Saturday, 9 June 2012
Glastonbury Abbey is located northwest of Chalice Hill in the centre of old Glastonbury. Legend has it that this is the site of the earliest Christian foundation in the British Isles.
The ruins are as impressive as they are dramatic and the abbey is thought to have been founded by Kinge Ine in around 700 A.D. Over time this became a very influential centre and at the time of the Norman invasion it owned extensive lands in the county of Somerset.
A fire destroyed most of the abbey in 1184 and seven years later an amazing discovery took place. A wooden sarcophagus was discovered in which the remains of a man and a women were found. A lead cross found nearby convinced the abbot that the remains of King Arthur and Queen Guinevere had been found. This is hard to substantiate as the area was used as a burial ground for several kings from the Saxon period and it could have been a ruse to obtain more funds and encourage more visitors.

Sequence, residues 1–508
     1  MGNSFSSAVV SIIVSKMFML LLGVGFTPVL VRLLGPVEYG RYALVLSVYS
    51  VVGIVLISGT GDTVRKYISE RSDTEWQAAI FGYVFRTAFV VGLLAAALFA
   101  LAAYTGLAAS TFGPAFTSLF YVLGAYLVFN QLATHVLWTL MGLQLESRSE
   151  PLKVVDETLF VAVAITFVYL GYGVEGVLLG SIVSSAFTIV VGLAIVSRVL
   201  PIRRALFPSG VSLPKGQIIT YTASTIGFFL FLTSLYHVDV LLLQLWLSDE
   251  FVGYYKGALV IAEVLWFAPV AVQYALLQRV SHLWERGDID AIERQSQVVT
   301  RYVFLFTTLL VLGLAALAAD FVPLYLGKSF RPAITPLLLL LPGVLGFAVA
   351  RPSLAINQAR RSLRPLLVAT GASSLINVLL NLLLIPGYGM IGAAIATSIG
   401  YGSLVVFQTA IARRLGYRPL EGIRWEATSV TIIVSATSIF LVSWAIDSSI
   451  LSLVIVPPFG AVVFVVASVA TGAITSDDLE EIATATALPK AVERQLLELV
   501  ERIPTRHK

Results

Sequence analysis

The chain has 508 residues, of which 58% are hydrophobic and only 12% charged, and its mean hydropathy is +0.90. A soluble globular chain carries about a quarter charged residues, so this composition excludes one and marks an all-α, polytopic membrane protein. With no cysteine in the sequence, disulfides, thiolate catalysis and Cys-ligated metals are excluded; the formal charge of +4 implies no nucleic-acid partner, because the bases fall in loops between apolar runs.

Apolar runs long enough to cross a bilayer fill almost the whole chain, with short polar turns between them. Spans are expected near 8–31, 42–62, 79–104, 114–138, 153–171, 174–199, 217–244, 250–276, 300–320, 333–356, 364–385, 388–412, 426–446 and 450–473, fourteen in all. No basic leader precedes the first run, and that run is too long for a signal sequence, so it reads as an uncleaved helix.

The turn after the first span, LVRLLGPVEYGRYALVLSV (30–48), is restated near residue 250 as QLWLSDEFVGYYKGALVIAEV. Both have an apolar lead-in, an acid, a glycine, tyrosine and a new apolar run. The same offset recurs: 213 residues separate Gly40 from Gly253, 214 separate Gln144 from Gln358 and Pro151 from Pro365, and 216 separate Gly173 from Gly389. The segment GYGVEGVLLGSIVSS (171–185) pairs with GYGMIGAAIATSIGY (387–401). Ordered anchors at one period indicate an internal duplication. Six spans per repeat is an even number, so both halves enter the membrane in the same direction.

The replacement abbey had been completed by 1278, the new church being 560 feet in length and an impressive building with its twin west towers and central bell tower. The abbey continued to wield great influence and power in the region until the arrival of Henry VIII and the Dissolution of the Monasteries in 1539 which forced its closure. The building was completely abandoned and fell into disrepair. There is a visitor centre on site and a shop and Abbey Tea Rooms and Licensed Restaurant.